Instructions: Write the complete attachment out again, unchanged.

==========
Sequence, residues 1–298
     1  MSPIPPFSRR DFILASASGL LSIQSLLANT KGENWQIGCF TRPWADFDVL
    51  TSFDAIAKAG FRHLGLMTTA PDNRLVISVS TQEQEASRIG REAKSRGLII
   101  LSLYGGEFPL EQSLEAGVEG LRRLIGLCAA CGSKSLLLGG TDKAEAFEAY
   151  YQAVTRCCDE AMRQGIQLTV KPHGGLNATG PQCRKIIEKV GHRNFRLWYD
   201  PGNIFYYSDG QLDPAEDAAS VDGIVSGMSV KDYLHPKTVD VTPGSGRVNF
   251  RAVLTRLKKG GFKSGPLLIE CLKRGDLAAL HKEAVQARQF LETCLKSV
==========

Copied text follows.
Sequence, residues 1–298
     1  MSPIPPFSRR DFILASASGL LSIQSLLANT KGENWQIGCF TRPWADFDVL
    51  TSFDAIAKAG FRHLGLMTTA PDNRLVISVS TQEQEASRIG REAKSRGLII
   101  LSLYGGEFPL EQSLEAGVEG LRRLIGLCAA CGSKSLLLGG TDKAEAFEAY
   151  YQAVTRCCDE AMRQGIQLTV KPHGGLNATG PQCRKIIEKV GHRNFRLWYD
   201  PGNIFYYSDG QLDPAEDAAS VDGIVSGMSV KDYLHPKTVD VTPGSGRVNF
   251  RAVLTRLKKG GFKSGPLLIE CLKRGDLAAL HKEAVQARQF LETCLKSV